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Science, Maths & Technology

The Tay Bridge Disaster: Aftermath

Updated Wednesday 9th May 2007

The aftermath of the Tay Bridge Disaster, part of the BBC/OU's programme website for Forensic Engineering.

Tay Bridge, collapsed Copyrighted image Icon Copyright: St Andrew's Valentine Collection

As a result of the inquiry into the Tay Bridge disaster, several measures were put into place:

  • All Bouch's bridges were examined and reinforced or rebuilt.
  • Steel was approved by the Board of Trade for use in bridges. Designs using cast iron columns were barred.
  • Regular and frequent inspections of bridges were made during and following construction by Board of Trade personnel.
  • A new Tay Bridge was built adjacent and parallel to the original bridge reusing undamaged girders with some modifications. The new bridge is over twice the width to allow double rail tracks and greater lateral stability. Piers in the centre were built from wrought iron lattice work and steel. Original pier platforms were retained to act as breakwaters for the new bridge. New piers were tested by static loading for settlement. The building was started in 1881 and finished in 1885.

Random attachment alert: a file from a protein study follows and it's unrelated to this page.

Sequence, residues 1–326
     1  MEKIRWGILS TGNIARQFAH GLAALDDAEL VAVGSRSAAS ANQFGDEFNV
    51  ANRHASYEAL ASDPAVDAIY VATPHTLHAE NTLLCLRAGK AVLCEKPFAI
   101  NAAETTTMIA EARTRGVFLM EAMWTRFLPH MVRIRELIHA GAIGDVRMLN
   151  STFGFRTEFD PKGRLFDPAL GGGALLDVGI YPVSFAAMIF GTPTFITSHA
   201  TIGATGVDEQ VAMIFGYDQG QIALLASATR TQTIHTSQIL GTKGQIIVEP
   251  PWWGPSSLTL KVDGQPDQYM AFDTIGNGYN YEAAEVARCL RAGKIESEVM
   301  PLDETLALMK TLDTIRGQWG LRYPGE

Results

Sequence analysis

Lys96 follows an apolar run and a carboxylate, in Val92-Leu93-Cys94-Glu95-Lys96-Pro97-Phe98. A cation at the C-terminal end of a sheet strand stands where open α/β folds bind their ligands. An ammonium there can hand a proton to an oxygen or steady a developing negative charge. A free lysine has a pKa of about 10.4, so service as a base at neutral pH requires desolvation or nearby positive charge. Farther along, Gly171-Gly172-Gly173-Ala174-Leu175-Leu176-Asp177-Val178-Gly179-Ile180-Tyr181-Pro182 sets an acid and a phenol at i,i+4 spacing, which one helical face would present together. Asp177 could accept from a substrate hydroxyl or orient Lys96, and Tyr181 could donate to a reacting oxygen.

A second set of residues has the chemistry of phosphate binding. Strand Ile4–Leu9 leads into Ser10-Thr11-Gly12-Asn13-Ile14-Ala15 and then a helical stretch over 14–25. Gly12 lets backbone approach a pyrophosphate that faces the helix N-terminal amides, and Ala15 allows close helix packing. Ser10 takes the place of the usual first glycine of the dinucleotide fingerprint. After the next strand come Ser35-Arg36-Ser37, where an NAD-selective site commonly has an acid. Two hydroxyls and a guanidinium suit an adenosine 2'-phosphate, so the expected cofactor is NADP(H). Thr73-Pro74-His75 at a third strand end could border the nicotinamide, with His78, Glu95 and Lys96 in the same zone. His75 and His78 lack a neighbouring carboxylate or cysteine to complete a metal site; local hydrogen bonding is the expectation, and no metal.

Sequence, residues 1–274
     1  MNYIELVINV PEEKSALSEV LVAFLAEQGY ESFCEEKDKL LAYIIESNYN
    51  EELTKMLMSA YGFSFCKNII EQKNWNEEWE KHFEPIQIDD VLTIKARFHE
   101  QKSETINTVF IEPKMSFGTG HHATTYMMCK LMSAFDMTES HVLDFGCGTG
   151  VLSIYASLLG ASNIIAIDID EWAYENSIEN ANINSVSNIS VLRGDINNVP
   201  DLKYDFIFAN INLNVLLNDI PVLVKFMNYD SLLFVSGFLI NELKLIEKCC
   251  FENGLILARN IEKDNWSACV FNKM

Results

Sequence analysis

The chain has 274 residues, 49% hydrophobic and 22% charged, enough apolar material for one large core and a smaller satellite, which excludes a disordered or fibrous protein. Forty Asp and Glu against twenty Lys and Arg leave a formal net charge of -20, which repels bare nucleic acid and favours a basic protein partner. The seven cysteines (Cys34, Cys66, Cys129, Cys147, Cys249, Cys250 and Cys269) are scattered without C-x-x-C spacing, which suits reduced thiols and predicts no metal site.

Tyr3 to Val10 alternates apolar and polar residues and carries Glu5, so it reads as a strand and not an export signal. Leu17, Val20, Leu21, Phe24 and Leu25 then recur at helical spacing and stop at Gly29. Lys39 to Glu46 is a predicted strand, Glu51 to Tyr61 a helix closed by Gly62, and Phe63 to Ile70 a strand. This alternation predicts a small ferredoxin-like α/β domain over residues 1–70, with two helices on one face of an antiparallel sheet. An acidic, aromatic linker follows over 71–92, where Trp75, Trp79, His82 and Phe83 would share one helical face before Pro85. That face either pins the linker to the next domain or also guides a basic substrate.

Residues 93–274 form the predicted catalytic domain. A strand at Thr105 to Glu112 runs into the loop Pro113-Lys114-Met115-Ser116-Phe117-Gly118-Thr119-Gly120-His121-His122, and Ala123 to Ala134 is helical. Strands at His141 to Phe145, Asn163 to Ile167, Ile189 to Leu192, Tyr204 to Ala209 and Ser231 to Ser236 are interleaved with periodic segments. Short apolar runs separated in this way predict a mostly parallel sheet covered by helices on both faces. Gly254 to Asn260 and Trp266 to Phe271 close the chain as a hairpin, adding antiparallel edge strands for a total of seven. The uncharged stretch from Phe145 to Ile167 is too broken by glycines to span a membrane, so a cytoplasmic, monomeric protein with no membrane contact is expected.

• Contract for the new Forth bridge with Bouch as designer was re-assigned to Fowler, Benjamin Baker and Arrol. This had a cantilever design built in steel. It was started in 1883 and finished in 1890.
  • A Royal Commission on "Wind Pressure on Railway Structures" was set up in 1881. Members of the Commission included W H Barlow, G G Stokes and W Yolland. An extensive survey of wind speeds and pressures using anemometers was undertaken at numerous locations. Examples of overturned carriages by wind action were examined. A maximum wind pressure of 56 per square foot for design of bridges and rules for applying this specification to bridges of different construction were recommended.
 

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